The majority of the action was in the first room. When the visitor walks in, people in ordinary clothes whistle, mimicking the factory noise that marks the end of a shift, and run around until they surround the visitor. A handful of dancers – the number seems indeterminate – each say a year and begin to execute a fragment from one of Le Roy’s pieces created between 1994 and 2010. The remaining performer, or host, or person, greets whomever walked into the gallery and describes the exhibition, their biography, and/or Le Roy. The performers switch roles at intervals, alternating between chatting and dancing, talking and moving. One person narrated how she was pregnant in the past and had to take a break from dancing; another, who had injured herself, explained the dances happening around her. A third explained her interpretation of a dance titled Xavier makes someRebutoh, from 2009, where the curator Boris Charmatz asked Le Roy to design a butoh dance in only two hours.

    The actual dances assume a quality somewhere between minimalism and expression, between the ordinariness of movements that sustain everyday locomotion and the extraordinariness of trained, professional, skilled dancing. They seem like blueprints, schematics for motion writ large: one dancer ran laps; another sat down, held his knees, and faced the wall; another moved through a series of generic pantomimes, as one of the didactic performers explained, like pissing, bowling, and holding a baby. Dressed in street clothes, the performers made their dances seem neither theatrical nor average; rarely flashy and rarely boring.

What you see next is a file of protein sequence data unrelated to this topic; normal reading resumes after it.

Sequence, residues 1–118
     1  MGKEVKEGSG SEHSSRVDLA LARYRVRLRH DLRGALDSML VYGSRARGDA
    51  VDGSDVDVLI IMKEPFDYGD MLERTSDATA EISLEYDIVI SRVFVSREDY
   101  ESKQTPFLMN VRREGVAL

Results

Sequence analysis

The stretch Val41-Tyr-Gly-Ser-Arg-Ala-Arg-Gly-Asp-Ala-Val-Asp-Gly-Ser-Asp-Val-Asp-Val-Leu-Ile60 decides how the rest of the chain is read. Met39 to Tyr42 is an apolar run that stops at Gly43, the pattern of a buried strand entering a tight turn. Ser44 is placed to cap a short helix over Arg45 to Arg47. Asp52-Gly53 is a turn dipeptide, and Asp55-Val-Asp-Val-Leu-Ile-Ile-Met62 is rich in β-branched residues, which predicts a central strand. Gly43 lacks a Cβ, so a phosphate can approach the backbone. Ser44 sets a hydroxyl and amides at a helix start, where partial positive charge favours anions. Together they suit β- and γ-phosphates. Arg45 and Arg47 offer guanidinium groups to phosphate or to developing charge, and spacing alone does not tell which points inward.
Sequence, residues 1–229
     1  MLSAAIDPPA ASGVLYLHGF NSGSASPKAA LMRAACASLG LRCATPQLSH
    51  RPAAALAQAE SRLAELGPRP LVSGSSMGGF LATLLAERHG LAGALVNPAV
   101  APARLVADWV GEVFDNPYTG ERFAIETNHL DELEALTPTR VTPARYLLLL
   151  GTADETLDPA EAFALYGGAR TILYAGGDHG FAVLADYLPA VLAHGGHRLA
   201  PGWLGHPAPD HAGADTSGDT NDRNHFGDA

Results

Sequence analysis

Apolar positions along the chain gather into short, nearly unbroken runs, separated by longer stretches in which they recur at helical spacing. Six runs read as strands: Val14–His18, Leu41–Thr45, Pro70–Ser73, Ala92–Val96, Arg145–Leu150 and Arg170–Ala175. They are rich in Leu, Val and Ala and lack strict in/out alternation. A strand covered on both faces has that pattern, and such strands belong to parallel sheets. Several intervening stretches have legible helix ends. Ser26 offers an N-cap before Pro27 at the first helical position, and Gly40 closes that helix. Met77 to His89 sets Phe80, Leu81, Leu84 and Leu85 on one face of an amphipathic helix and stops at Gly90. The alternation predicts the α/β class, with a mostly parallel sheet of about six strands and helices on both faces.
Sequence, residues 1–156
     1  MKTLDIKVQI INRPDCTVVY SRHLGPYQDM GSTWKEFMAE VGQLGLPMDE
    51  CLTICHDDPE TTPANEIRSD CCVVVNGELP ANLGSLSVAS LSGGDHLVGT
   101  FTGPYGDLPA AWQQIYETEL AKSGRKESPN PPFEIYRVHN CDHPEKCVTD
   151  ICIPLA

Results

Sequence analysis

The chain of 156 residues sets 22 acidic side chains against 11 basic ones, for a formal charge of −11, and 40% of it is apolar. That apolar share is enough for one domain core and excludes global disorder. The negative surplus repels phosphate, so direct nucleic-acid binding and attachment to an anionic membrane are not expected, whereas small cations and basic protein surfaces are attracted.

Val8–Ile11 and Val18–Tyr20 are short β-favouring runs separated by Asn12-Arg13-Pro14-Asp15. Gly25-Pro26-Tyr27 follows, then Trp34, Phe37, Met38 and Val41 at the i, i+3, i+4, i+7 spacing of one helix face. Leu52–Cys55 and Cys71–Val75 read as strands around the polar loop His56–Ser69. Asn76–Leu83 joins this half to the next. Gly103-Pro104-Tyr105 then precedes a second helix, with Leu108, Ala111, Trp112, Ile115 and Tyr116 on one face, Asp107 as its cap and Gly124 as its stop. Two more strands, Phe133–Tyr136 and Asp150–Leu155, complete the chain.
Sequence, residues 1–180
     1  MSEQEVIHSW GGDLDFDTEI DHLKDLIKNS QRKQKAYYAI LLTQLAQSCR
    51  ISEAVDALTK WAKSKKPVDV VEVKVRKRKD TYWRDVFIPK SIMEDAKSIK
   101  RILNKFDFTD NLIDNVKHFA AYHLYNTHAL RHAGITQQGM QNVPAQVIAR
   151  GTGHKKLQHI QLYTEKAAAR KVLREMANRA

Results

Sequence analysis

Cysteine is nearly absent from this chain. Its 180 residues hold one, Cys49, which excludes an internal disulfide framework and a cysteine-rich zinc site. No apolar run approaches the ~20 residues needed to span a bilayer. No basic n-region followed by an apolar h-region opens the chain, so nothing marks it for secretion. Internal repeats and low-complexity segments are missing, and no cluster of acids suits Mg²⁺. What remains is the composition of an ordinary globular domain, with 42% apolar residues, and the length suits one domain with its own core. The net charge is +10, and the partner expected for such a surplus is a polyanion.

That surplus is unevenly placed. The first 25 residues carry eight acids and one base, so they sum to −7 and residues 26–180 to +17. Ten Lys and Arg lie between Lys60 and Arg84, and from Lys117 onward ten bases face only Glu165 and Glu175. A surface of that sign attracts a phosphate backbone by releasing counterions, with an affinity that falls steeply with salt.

There’s a touch of comedic paradox in the idea of a performance retrospective, or of a retrospective performance. In her important 1993 volume Unmarked: The Politics of Performance, scholar Peggy Phelan declares, “Performance’s only life is in the present. Performance cannot be saved, recorded, documented, or otherwise participate in the circulation of representations of representations: once it does so, it becomes something other than performance.” Similarly, during a recent symposium addressing Retrospective, curator Laurence Rassel observed the tendency of performance to become a document when placed within a gallery space, and emphasized finding ways to avoid this. Meanwhile, the historicity of the retrospective defines its genre, and its orientation to the past is legible even in the etymology of the term.

    Retrospective makes use of the tensions that bisect these disparate constructions, and as a “performative exhibition” it has more in common with how Saint Augustine engages the past in his Confessions, than with the retrospectives typically found in contemporary art institutions. Considered the first example of autobiography, Confessions follows a methodology in which assembling the past is not a process of replication, but one of active creation. For Saint Augustine, constructing his own past functioned as a way to explore the spiritual realities of his current worldview.